HomeTechnology NewsRising Natural Disaster Incidence Fueling GIS Usage in APAC

Rising Natural Disaster Incidence Fueling GIS Usage in APAC

Currently, the world is going through one of the biggest disasters in recent times, the COVID-19 pandemic. Although the rate of the increase in the number of cases has slowed, cases are still increasing. Moreover, with the looming third wave, the guard cannot be let down yet. The heightened focus of governments on gaining real-time information on high-risk zones and infection spread has led to a jump in the usage of the geographic information system (GIS). This technology is being used to undertake field surveys and create interactive maps that can offer insights into the spread of the virus.

For instance, the Indian government is using GIS for live geo-maps, low-risk and high-risk zone classification, contact tracing, and infection spread monitoring and to integrate the surveillance data of individuals generated from multiple sources. Such measures are expected to play a key role in the growth of the GIS in disaster management market size to $9.4 billion by 2030 from $2.3 billion in 2019, at a 13.7% CAGR between 2020 and 2030.

This will also be because this technology has been in use for this purpose since much before the pandemic struck. In recent years, the incidence of tornadoes, cyclones (hurricanes), earthquakes, tsunamis, and other natural disasters has risen significantly. According to the United Nations Office for Disaster Risk Reduction (UNDRR), the number of natural disasters recorded globally has increased massively from 4,212 during 1980–1999 to 7,348 during 2000–2019. During such events, GIS is being heavily used for real-time event tracking, for early warning signals, evaluation of emergency supply distribution, assessment of safe shelter areas, and identification of the impact on roads, buildings, and bridges.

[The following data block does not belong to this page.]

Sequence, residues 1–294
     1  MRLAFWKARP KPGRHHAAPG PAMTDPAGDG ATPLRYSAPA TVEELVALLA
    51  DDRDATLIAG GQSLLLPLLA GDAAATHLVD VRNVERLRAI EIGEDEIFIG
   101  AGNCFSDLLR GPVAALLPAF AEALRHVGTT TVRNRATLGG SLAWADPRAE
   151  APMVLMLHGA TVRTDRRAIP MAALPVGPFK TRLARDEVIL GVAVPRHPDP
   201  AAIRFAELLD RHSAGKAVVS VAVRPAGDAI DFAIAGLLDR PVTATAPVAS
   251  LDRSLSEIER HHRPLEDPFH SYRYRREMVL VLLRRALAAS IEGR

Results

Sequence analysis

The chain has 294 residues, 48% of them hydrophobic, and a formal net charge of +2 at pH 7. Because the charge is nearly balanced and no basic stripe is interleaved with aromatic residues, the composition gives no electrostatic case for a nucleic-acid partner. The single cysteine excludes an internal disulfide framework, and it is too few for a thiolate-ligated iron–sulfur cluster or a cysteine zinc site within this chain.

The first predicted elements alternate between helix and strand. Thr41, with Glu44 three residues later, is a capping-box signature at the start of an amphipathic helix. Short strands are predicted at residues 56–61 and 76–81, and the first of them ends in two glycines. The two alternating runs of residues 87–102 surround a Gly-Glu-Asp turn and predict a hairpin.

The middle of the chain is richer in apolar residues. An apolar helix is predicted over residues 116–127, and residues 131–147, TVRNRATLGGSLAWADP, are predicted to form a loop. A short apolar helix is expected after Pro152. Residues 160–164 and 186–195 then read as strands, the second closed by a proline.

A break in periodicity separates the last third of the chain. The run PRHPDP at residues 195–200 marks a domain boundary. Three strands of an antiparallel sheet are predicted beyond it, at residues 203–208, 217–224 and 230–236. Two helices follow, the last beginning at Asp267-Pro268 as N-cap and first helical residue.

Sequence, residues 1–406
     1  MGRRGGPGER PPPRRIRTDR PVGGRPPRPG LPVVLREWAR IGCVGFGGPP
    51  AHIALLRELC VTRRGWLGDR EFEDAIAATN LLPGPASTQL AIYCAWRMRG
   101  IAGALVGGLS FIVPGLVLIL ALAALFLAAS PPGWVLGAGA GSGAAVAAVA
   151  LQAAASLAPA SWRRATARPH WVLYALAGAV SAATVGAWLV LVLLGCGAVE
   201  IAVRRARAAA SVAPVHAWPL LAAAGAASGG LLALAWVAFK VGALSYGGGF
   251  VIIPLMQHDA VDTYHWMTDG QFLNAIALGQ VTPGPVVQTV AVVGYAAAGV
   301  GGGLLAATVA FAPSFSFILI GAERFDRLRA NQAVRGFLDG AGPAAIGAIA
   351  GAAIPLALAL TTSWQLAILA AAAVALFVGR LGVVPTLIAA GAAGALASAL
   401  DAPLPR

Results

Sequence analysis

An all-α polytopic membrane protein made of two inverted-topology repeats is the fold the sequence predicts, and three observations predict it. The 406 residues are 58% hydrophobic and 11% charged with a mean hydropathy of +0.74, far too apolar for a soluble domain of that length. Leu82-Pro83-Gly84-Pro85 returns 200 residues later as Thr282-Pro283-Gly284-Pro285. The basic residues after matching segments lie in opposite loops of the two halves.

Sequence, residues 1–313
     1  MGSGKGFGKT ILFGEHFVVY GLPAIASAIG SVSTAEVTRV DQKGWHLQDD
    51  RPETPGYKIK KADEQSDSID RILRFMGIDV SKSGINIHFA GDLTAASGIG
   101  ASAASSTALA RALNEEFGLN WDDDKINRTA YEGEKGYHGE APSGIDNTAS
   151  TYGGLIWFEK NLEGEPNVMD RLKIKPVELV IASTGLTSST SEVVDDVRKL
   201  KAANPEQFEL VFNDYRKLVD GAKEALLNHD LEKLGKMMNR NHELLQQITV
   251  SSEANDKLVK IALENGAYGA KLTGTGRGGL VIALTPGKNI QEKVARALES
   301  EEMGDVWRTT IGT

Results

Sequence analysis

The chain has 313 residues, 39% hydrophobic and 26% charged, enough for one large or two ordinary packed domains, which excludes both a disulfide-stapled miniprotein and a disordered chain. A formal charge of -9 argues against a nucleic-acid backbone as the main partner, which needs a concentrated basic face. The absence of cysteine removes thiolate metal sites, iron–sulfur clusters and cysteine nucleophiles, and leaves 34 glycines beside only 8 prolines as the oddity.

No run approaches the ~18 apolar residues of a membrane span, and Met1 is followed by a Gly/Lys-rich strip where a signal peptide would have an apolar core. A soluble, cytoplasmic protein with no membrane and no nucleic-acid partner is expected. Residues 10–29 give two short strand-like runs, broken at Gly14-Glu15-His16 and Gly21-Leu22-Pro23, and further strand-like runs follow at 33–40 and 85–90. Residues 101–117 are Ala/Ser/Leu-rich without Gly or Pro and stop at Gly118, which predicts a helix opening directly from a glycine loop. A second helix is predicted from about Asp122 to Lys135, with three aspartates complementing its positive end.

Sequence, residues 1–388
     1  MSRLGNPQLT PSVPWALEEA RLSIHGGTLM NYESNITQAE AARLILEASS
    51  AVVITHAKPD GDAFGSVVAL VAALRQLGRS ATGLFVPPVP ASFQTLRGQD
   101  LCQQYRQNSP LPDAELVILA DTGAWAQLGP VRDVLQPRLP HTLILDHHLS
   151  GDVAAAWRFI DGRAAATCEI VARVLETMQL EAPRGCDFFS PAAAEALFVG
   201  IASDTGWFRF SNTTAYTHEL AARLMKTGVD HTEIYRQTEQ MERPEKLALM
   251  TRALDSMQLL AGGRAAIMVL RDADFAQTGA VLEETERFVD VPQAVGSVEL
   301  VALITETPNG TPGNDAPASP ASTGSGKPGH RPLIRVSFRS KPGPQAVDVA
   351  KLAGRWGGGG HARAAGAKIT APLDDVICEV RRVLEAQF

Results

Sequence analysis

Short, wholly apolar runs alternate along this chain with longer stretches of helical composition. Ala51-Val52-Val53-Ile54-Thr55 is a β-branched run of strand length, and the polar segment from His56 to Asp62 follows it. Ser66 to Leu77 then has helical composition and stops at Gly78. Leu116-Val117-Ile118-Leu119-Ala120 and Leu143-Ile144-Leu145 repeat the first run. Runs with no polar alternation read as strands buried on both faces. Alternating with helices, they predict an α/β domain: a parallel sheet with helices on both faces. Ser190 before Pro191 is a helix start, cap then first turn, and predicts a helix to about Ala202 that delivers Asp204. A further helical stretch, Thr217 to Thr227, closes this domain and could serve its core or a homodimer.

During such events, it is mostly government departments that must initiate impact analysis and rescue efforts, which is why they remain the largest users of the GIS technology for disaster management. Governments need to warn people of an approaching disaster, help in timely evacuation, assess the area that will likely be affected, initiate search and rescue operations, estimate the total damage, and launch rehabilitation efforts. For instance, the National Oceanic and Atmospheric Administration (NOAA), Alabama Emergency Management Agency, and National Weather Service (NWS) used GIS to track and map the path, wind magnitude, start and end points, and other aspects of the over 30 tornadoes that hit the U.S. in March 2019.

This is why of natural and technological or man-made disasters, GIS has been used for the management of natural disasters more till now. In the coming years, it will be increasingly used for technological disasters, which include a variety of events, such as factory explosions, major transport accidents, terrorist attacks and other severe incidences of violence, chemical and oil spills, nuclear reactor core melting, dam bursts, building collapses, and full-blown wars. Everybody remembers major industrial events such as the Chernobyl explosion, Bhopal Gas Tragedy, and Fukushima Daiichi nuclear disaster, which caused multitudes of deaths and financial losses in millions.

Because of factors like these, Asia-Pacific (APAC) will be the fastest-growing GIS in disaster management market in the coming years. Not only is the incidence of natural and technological disasters growing here, but they also lead to bigger losses and collateral damage in this region. As per the UNDRR, between 2000 and 2019, Asia witnessed the highest number of disasters (3,068). Moreover, among the countries with the highest number of such events globally during this period were China (577), India (321), the Philippines (304), and Indonesia (278).

Hence, as these mishaps become more regular and devastating, the usage of GIS before, during, and after them will keep rising.